Red Air

When I was a freshman in high school, my first order of business was to join the football team.  I remember it like it was yesterday.  I can almost smell the freshly cut grass of the practice field countered by the stench of my sweat-soaked shoulder pads.  I had visions of glory – me catching touchdown pass after touchdown pass and being carried off the field by my teammates.  In reality, I ended up being a tackling dummy for the varsity team that year.  The varsity defense had to practice against someone and they couldn’t practice against the opposing teams themselves.  Although it sucked for my fellow punching bags and I, it made the varsity team better.

So what does high school football have to do with flying?  Today’s combat pilots have training requirements similar to those of a football team, and we’re not able to “practice” against the adversaries we’ll meet in war.  How do we test tactics, gain and maintain tactical proficiency, and build combat confidence?  The answer has been and will continue to be: Red Air.

When conducting military training exercises, colors are used to simulate allegiances.  For uniformity, NATO has designated Blue as belonging to allied forces, Green as a neutral force, Yellow as an unknown allegiance (yet to be identified) and Red as a foe.  In the U.S. we use a similar system to maintain interoperability with our NATO partners.

All types of U.S. aircraft are used to simulate enemy threats. The Northrop F-5 pictured here has a dedicated Red Air mission.

Red Air (a.k.a. Aggressors or Opposition Forces – OPFOR for short) consists of pilots, aircraft, and controllers who replicate adversary tactics and provide tactical problems and challenges for Blue Air to solve.  The objectives of Red Air are typically 1) to replicate adversary threats in accordance with Special Instructions (SPINS) outlined by the Blue Air mission commander and 2) to punish Blue Air mistakes.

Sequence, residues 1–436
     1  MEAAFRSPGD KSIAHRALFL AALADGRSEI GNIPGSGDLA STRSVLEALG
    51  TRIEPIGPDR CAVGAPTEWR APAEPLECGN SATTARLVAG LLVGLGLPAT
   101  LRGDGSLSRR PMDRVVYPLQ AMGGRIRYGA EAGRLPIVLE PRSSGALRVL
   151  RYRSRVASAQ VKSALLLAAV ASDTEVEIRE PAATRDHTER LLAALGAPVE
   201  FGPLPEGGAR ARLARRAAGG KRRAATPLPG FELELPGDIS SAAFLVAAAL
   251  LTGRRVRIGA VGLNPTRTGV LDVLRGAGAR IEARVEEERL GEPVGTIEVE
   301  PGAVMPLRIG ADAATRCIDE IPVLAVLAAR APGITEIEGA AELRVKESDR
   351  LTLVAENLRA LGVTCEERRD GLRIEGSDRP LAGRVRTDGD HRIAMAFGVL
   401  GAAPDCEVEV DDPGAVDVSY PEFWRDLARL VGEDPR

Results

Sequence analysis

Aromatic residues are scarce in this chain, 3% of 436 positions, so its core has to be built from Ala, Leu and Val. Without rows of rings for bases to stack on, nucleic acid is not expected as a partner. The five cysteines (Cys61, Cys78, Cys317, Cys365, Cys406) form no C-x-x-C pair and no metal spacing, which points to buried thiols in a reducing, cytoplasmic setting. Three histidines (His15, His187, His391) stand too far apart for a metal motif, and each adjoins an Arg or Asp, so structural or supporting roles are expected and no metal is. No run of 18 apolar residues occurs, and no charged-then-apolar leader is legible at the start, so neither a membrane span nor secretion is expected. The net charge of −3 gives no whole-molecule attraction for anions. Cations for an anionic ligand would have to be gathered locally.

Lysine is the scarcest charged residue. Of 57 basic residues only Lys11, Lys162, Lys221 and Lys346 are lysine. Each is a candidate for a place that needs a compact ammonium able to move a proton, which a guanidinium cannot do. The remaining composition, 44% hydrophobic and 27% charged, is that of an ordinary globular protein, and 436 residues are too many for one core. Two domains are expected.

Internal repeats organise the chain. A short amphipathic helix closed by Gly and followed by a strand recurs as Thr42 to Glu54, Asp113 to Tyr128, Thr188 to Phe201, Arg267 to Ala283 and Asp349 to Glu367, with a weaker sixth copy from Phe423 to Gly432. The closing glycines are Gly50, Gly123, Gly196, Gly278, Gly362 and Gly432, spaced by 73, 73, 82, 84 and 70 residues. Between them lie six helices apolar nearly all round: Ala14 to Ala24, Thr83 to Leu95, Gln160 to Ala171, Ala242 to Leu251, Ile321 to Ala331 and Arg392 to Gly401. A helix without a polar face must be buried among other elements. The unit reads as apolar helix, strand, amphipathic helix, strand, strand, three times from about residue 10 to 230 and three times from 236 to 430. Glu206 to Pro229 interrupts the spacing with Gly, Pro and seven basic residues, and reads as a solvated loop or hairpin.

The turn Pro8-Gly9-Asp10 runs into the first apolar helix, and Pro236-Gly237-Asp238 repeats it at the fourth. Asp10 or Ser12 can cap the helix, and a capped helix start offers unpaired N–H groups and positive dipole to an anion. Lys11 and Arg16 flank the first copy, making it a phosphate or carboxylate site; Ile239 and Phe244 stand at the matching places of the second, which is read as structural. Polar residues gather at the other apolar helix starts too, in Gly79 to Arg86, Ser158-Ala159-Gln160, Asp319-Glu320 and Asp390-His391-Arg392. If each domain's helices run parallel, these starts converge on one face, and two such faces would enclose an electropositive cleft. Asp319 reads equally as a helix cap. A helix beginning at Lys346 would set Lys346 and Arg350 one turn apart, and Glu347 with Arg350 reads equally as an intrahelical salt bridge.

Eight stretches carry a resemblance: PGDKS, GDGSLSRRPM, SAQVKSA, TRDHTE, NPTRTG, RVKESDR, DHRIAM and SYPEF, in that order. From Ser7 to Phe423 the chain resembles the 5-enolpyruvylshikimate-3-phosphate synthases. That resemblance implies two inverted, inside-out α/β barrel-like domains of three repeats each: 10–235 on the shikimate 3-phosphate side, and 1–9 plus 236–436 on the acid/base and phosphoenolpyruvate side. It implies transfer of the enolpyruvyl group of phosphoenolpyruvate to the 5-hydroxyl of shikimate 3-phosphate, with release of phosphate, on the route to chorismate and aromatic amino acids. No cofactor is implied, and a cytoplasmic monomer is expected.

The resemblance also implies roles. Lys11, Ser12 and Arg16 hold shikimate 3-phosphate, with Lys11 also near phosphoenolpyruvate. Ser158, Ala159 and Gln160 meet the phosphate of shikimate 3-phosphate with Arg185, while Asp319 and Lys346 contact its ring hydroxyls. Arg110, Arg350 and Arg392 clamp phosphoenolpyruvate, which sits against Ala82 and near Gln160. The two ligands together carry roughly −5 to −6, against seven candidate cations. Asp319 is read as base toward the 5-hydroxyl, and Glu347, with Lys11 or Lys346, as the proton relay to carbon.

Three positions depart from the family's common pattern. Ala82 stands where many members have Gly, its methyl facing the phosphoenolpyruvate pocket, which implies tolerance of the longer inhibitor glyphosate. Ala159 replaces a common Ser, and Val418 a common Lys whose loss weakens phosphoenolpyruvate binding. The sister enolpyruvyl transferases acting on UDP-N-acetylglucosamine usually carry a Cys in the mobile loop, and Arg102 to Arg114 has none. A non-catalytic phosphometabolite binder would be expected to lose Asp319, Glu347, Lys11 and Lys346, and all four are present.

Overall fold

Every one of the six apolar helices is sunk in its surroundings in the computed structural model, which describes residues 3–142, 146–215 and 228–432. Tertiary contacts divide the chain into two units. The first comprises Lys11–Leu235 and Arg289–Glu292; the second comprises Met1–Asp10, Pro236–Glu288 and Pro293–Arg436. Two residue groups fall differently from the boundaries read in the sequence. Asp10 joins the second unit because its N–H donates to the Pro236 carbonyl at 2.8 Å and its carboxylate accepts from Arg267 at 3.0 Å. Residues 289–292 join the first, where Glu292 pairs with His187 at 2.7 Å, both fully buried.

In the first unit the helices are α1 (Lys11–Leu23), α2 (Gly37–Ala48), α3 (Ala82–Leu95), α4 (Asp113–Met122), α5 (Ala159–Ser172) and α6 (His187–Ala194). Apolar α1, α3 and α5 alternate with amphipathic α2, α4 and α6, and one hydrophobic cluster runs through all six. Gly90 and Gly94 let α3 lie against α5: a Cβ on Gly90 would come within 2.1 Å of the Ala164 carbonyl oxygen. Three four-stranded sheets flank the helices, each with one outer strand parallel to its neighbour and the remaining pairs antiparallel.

Tactics and simulated ordnance is based on intelligence assessments from the National Air and Space Intelligence Center (NASIC).  NASIC analysts compile data from several sources to provide the end user – in this case Blue Air – with a threat assessment so counter tactics can be developed and tested.

On the Fighter Squadron level, pilots are required to know everything there is about their own weapon system and domestically developed tactics, techniques, and procedures.  But because those same Blue Air pilots will take turns flying as Red Air they are also required to know everything there is about how the enemy operates.  We have daily intelligence briefs to refresh us on the various threat aircraft and missile systems (both air-to-air and air-to-ground), but it really is up to the individual pilots to study and stay sharp on the information.

On the day of the training mission, the Blue Air mission commander (known as “Blue 1”) will get all of the pilots on both sides of the fight together in the same room to brief the “mass” coordination.  The mission commander will go over the scenario, outline the SPINS, and talk about safety of flight and training rules.  After this initial brief (usually lasting about 15 minutes depending on the complexity of the scenario), Red Air and Blue Air will split up to brief their respective parts of the mission.

The Red Air commander, “Red 1”, will develop a tactic in accordance with Blue 1’s SPINS and then outline the game plan for the other Red Air “bandits” (a “bandit” is someone who has been positively identified as a foe.)  Although on different sides of the fight, Red 1 and Blue 1 work closely together to ensure maximum training is accomplished and desired learning objectives are met.

T-38A is being used extensively by the USAF as a Red Air platform.

Following the mission, both Blue Air and Red Air will meet up to evaluate all of the air-to-air shots and kills that took place during the fight.  Weapons employment will be validated and Blue 1 will develop the debrief focal points.  After the air-to-air shot evaluation, Red Air will be cleared off while Blue goes back over the recordings of the mission with a fine-toothed comb to glean whatever learning they can out of the training mission.

Red Air is an important aspect of any training mission.  Although flying Red Air provides little benefit in terms of increasing one’s own tactical proficiency, it greatly benefits the Blue Air players.  Many fighter pilots look at flying Red Air as being a tackling dummy and a necessary evil while others genuinely enjoy playing the bad guy.  No matter how you look at it, as long as we are fighting or preparing for wars there will always be a need for Red Air.